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i would turn both tanks like you have the top one in the second picture, this will make working with the bottom one alot easier so you would be able to fit a taller skimmer in it.

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i would turn both tanks like you have the top one in the second picture, this will make working with the bottom one alot easier so you would be able to fit a taller skimmer in it.

 

 

I did something similar for my old 150gal reef, it overflowed into a fuge that overflowed into the sump. I highly recommend 2 drains from the fuge to the sump in case a snail or suction cup or murphy cause one to plug up.

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What size is the display tank ? You may be abel to use only one 5 gallon if you were to use a HOB skimmer, or maybe a rubermaid container as the top tank that would be more forgiving than the thin glass when drilled.

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Either way, you will need the overflow, such as a glass-holes nano overflow, on the fuge tank, so the only additional cost to my suggestion is a T piece and a ball valve.

 

I actually have the nano overflow and a 1/2" return sitting next to the tank as we speak. Just got it this afternoon. I will be T'ing off the overflow though as 5-6 hundred GPH seems a little steep through a 5G fuge.

 

i would turn both tanks like you have the top one in the second picture, this will make working with the bottom one alot easier so you would be able to fit a taller skimmer in it.

 

The skimmer I will be using is actually one I have had for a short time and is meant to go into the tank. The name escapes me atm and I am at work so I can't look it up, but it will simply be in the tank rather than plumbed in line or as another piece.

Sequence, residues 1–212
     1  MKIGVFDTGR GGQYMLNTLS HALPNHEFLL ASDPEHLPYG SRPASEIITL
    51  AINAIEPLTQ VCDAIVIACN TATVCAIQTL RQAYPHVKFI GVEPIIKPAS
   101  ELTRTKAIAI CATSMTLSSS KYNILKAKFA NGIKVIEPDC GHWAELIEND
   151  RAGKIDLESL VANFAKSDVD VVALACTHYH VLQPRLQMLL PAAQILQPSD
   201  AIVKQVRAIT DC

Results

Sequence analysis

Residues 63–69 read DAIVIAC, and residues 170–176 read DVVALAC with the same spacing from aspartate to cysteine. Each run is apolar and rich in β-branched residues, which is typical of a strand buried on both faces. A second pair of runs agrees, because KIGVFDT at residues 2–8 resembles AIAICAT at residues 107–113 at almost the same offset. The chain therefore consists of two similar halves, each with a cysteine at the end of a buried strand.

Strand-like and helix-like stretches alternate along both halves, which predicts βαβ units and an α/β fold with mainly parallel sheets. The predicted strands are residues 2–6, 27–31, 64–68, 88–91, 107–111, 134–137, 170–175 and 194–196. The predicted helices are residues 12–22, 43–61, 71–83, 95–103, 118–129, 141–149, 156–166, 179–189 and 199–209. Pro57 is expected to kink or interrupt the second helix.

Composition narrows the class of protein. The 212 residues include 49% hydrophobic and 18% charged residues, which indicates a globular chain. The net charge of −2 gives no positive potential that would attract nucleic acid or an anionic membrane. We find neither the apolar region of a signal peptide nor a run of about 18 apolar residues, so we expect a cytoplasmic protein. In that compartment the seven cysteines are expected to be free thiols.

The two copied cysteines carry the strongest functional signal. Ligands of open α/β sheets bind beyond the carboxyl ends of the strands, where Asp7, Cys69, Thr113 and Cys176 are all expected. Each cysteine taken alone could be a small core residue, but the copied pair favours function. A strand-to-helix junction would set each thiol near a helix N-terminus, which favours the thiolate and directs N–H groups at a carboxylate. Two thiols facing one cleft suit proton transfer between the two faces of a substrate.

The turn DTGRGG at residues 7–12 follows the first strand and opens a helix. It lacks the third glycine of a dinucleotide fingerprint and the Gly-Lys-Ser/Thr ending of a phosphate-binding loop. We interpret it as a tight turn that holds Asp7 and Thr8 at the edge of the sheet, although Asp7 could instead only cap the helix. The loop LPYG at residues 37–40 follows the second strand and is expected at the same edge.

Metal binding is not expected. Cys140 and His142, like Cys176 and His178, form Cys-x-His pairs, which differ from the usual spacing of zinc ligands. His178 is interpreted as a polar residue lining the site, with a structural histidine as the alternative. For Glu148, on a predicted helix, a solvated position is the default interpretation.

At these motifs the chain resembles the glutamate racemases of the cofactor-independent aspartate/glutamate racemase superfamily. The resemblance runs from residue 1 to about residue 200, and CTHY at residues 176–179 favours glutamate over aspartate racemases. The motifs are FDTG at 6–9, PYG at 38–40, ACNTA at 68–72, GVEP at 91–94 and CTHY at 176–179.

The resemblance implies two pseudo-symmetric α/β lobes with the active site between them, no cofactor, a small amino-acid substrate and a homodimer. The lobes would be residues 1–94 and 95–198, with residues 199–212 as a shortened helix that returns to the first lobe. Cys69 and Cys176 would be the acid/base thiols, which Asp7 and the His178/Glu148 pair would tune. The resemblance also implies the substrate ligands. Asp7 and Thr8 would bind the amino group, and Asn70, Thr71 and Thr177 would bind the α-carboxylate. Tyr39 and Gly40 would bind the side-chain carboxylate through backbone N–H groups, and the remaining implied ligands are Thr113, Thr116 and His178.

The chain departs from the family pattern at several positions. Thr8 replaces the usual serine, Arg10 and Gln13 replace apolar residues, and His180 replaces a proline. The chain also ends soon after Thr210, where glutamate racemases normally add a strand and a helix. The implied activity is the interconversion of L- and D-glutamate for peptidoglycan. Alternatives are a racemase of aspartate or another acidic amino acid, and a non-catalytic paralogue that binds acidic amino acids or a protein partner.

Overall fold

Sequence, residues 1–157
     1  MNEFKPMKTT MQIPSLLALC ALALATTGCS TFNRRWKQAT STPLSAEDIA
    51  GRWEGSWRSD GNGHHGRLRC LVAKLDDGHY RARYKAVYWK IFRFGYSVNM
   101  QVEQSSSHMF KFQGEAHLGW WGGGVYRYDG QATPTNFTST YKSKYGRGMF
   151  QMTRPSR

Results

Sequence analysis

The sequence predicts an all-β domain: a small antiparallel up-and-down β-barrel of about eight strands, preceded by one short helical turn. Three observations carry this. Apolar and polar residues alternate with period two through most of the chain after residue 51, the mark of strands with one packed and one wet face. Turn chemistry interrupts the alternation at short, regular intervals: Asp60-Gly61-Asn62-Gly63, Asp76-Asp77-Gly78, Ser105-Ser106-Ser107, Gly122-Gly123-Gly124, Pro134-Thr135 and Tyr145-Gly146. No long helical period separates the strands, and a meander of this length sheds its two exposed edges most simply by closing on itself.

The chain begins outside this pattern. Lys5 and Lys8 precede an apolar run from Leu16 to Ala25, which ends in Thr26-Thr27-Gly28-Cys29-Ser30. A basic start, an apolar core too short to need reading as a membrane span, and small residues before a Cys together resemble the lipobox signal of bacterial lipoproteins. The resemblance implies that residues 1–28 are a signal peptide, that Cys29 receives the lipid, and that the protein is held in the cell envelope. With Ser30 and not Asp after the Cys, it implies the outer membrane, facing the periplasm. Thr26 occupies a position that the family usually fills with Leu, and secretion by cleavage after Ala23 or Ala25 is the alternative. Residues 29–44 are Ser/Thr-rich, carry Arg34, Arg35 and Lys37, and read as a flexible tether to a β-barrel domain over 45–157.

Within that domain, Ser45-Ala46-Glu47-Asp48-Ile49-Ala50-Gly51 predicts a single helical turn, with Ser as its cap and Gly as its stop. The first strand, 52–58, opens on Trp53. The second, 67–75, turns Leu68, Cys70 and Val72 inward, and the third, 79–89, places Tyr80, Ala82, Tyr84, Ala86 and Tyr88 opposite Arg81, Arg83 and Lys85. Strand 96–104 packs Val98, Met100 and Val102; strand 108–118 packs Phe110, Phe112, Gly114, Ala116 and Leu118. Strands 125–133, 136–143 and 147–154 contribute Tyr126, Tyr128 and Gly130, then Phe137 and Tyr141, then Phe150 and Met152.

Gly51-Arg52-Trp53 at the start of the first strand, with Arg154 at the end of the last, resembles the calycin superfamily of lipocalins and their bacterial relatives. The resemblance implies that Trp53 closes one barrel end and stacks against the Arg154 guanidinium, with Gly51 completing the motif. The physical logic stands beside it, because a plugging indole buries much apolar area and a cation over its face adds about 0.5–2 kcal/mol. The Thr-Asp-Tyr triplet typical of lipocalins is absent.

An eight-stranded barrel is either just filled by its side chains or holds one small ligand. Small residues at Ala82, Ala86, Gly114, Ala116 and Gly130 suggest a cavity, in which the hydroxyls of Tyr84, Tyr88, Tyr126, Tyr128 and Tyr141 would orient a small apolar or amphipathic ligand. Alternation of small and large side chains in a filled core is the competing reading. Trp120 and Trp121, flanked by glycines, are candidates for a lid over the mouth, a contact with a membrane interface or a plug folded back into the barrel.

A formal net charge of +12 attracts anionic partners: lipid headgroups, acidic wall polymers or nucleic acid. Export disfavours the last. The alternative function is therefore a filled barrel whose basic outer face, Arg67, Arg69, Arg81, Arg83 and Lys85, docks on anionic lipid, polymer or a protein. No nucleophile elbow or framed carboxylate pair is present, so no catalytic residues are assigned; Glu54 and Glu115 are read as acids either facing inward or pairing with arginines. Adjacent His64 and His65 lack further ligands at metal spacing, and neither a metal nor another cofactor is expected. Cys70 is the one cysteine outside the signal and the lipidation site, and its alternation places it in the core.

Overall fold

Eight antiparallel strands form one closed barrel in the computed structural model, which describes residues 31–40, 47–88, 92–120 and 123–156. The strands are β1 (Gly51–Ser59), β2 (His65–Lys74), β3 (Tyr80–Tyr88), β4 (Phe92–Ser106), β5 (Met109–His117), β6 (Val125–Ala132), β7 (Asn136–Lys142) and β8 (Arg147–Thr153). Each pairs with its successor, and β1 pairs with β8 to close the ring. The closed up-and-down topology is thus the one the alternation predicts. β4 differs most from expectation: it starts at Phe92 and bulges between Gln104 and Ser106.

Or get a 16x16x16 acrylic tank like one of these:

http://www.glasscages.com/?sAction=ViewCat&lCatID=25

 

I like the overall idea of doing just a single sump/fuge, but there are to main things here, cost and dimensions. While I don't really want to do this tank on a budget, there still is some money constraint, especially on things where I can work out a cheaper method. I also wonder about the dimensions and how everything would be setup to maximize the usage. It just seems to me like 2 shorter tanks would probably be a bit more efficient than a single tall tank. Also the 2 5G's leaves me a little bit of floor space to play with in case I add a phosphoban reactor or the like.

 

What size is the display tank ? You may be abel to use only one 5 gallon if you were to use a HOB skimmer, or maybe a rubermaid container as the top tank that would be more forgiving than the thin glass when drilled.

 

The display tank is 30G. I probably could do a HOB, but I'm also looking to keep as many bits and pieces out of the tank as I can. I do really like the idea of a rubbermaid container though. I may have to look into this if I have problems drilling the tank.

 

Also someone mentioned that I should probably drill two overflows into the top tank. I do plan on doing this and setting it up as a herbie (correct name right?) style overflow.